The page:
Whanganui Midweek - 2021-11-24


Old boy reminisces on the gift

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Comment By a Queens Park School old boy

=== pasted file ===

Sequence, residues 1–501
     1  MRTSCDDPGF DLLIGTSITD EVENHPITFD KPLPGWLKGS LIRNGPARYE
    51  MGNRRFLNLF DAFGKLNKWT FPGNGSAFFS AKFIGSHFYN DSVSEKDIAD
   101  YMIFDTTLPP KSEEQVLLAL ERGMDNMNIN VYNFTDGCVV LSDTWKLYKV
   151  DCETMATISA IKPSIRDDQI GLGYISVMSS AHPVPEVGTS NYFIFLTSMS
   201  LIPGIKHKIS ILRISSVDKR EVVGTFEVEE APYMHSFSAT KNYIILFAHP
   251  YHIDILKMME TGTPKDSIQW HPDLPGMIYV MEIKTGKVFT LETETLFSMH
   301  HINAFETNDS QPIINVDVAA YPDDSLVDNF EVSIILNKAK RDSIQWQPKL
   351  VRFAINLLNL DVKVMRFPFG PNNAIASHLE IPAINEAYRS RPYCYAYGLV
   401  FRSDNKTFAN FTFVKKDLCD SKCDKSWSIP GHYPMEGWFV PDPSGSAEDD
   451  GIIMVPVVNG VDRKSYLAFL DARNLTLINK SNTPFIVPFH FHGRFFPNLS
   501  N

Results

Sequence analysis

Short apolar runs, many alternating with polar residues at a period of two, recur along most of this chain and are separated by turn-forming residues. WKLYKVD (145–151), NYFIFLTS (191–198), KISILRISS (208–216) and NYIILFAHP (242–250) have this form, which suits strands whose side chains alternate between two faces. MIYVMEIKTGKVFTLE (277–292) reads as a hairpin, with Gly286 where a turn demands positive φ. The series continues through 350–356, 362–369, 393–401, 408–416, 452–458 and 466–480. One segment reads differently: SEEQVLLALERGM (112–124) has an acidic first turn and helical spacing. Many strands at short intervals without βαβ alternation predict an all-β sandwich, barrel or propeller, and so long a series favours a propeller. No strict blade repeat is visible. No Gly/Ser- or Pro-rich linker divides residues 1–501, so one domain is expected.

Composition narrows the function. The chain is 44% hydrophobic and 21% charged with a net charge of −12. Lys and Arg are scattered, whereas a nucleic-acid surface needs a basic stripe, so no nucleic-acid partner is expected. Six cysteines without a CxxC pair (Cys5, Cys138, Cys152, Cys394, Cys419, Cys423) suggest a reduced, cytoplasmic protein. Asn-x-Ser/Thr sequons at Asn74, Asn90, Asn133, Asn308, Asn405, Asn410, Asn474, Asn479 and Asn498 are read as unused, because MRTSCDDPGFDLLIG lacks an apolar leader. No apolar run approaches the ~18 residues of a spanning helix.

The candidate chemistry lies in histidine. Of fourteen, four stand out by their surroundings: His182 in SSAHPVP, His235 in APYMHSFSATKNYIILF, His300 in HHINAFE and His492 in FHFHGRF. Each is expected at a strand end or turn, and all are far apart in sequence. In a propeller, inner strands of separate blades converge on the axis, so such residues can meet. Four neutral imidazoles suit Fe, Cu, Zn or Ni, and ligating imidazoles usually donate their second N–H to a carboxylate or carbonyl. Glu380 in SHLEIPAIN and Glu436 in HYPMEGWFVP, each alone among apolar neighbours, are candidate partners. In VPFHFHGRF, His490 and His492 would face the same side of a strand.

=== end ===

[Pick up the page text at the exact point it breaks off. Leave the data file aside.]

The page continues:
Ibarely remember my last day at school. I had just turned 16 and it was in early December back in ‘63, but I can remember wondering what was to become of me. I know now but the question I now ask myself: what became of my classmates from the first school I attended? From my perspective, an obvious answer is that they vanished. Wherever they are, the epithet Baby Boomers is used as a pejorative term to describe them but generational generalisations are meaningless. We were simply a diverse group of individuals blessed by the social mechanisms established by earlier historical factors and by the whim of economic caprice. Later, we also had the good fortune to have the gift of the 60s. In 1953, on my first day at school, I became part of a school classroom cohort that was to transition from the 1950s into the 1960s. My recollection of that day is still quite vivid. With my mother’s determined urging I entered through the school’s memorial gates, walked across the tarmac, was led down a long passage and entered Miss Bell’s primer one classroom where I was required to read a section of a Janet and John book. I was then placed in primer 2. My classmates and I were part of what many would claim as the most privileged generation in the history of the world, but our individual circumstances varied and our experiences, even in the classroom, would differ. By individual choice or social apprehension, I had only limited association with my classmates at school and now, nearly 70 years later, the fate of most is not known to me. Circumstances after we left Queens Park school led us on different paths and a high percentage would have left Whanganui in the 1960s, yet I remember their names and hold a collective affection for those who were part of my formative years. My teachers too I remember, not with any great affection, but with no animosity (with just one exception). Their names are worth remembering because during their working life they ushered hundreds of individuals through an educational system that would inevitably impact their lives. My first teacher’s name I can’t remember but it was probably Ms Noble. There were 18 in our class and if my memory serves me well our classroom had no desks. There were individual blackboards on the room wall to which we were each assigned. Morning classes started with stretching and breathing exercises and from time to time we were required to sit cross-legged on the floor. Notwithstanding my belief that there was a lack of desks, we had exercise books in which we performed work duties that enabled us to earn one, two or three gold stars. There were silver stars too, which, if earned, may have been a way of saying, try harder. In my second year in 1954, our teacher was Mrs McCullough. The class had grown to 34 and, with some exceptions, represented the full contingent of those who would remain at the school till our senior year. In 1956 class numbers grew to 40 and Mr Bolton was our teacher. The class photograph is oddly moving. All students were apparently happy and staring confidently at the camera and, seemingly, the future. Amongst them there were two sons and one daughter of ministers of the church, two teachers’ sons, two bakers’ daughters, four sons of doctors, a daughter of the town clerk, sons of an electrician, a mechanic, and a silversmith as well as a daughter of a tailor and a swimming pool custodian; and God knows who else, maybe even the son of a city council worker. The school’s situation offered students playground views of the Whanganui River and Mt Ruapehu and, mercifully, the same view in some classrooms. From there the mind could drift silently across the region’s hinterland to some place you would rather be. Most of what influenced me at school in the mid-50s happened outside the classroom — on the playground and beyond — and, given my nervous disposition, seemingly insignificant matters became worrying in nature. At one playtime I can remember a casual conversation my brother had with a fellow student about the need, or otherwise, for polio vaccination. Polio was still in the community. My sister had to have some sort of pinprick in her arm to determine whether she had contracted TB from her teacher. He, of course, would have been isolated. So too my sister, had her test been positive. Hydatids was an ongoing problem and, in 1956, the Suez crisis was in the news. At the time I can remember wondering why it is that the other side is always so wrong and how it is that we have the good fortune to always be on the right side. The subversive seeds of doubt entered my brain. I was 8 years old. The Suez crisis worried me, there was danger in the air — and in the classroom too. Moments of pure terror when some student from another class would enter the room and advise the teacher that it is you that the dental nurse wishes to see. A district nurse regularly made threatening appearances. She personally inspected each student and had a classmate’s head doused in some horrid liquid that smelt like kerosine and made her black hair glisten. To avoid further embarrassment she was sent home, probably with instructions to avoid smokers. But not all outside influences were so threatening. The school’s large hallway was the venue for Thursday morning sermons that probably just involved the senior section of the school. Some non-staff preacher fellow would lecture us and tell stories from the Bible. Of all the classes of all the schools that I attended they were the most enjoyable and probably the only one I was interested in. I already knew that the earth was made in six days, that Adam was a somewhat hapless figure who bit off more than he could chew when he took a chunk out of the fruit of knowledge; and that evil lurks everywhere and assumes different forms. But it was the New Testament that interested me the most. Jesus was the main character. He called the Pharisees hypocrites and self-righteous pretenders, the money lenders a pack of thieves and